Blair Enns | Business Development for Creative Professionals

Blair Enns 11:41

I, I wrote a few posts started sending them. And then at some point, email became a thing like early on in this tenure, and I started so but so I would follow up first, I was sending by fax. And then I would after they’d received a couple, I would start just calling everybody on my list, and then at some point, so this is probably around 1999, maybe 2000. Email is a thing and people in small numbers have started to use it for maybe it’s 2000. Yeah, somewhere around 3000. People are starting to use it for business. So I could. It was back in those days, it was really easy to guess what somebody’s email address might be if they had a website, they had a domain. And when I was selling to more tech savvy companies and more technology based businesses, it was more likely that they were going to have an email address. So when I started reaching out via email, my response rate was 77 0%, my response rate was 70%. So just think about that down. But um, no. 7% is something else like that. Well, it’s an open rate of 7% isn’t very good. But that it was, it was just a crazy, crazy time where there’s this new medium. And I was on it early. And at the time, when you got an email from somebody outside of your organization. It was an event, it was exciting. So most of my emails got responses, and I found myself in conversations pretty quickly.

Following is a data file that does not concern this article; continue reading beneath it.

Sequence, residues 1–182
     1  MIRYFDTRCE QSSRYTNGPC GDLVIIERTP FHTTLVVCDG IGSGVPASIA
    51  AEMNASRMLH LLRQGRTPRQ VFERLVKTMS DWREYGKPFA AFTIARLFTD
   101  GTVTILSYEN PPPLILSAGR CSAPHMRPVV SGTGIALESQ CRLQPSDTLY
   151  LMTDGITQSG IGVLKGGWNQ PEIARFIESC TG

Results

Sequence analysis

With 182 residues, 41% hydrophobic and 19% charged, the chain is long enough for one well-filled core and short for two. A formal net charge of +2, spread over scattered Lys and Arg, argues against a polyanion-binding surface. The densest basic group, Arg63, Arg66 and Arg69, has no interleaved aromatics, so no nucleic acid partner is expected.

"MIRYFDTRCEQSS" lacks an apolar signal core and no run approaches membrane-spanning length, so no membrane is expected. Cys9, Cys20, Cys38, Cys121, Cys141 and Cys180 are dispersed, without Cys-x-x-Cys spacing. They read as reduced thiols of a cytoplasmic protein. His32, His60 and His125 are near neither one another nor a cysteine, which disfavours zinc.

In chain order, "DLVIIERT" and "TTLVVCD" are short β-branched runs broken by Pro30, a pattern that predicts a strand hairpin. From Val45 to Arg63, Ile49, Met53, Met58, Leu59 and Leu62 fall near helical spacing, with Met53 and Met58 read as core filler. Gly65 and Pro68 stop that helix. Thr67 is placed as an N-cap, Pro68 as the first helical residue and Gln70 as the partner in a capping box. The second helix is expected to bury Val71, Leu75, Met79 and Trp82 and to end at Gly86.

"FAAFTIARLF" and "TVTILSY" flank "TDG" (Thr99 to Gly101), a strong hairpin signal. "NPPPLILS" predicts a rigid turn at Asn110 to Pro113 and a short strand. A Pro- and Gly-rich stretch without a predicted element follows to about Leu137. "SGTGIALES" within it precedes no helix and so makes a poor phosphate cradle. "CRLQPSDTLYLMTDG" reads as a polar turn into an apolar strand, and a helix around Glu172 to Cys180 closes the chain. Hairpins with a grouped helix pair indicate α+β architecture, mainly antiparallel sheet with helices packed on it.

John Corcoran 13:15

Yeah, which of course conversations one of the things that you’re a big fan of one of your principles in your book, the wind without pitching manifesto is that we should do you conversations instead of presentations. But before that, the first one that you list, you’re a big advocate of specialization. You at this time that you’re talking about in your career, you’re working for larger companies, McCann, Erickson, young Aruba cam. These are large companies that have a variety different services. Talk to me a little bit about how you kind of develop that idea of specialization, especially in the backdrop of working for a much larger organization, where I would think it would be hard for you to say hey, we’re gonna specialize because it’s a large organization and they want to provide a variety of different services.

Blair Enns 14:07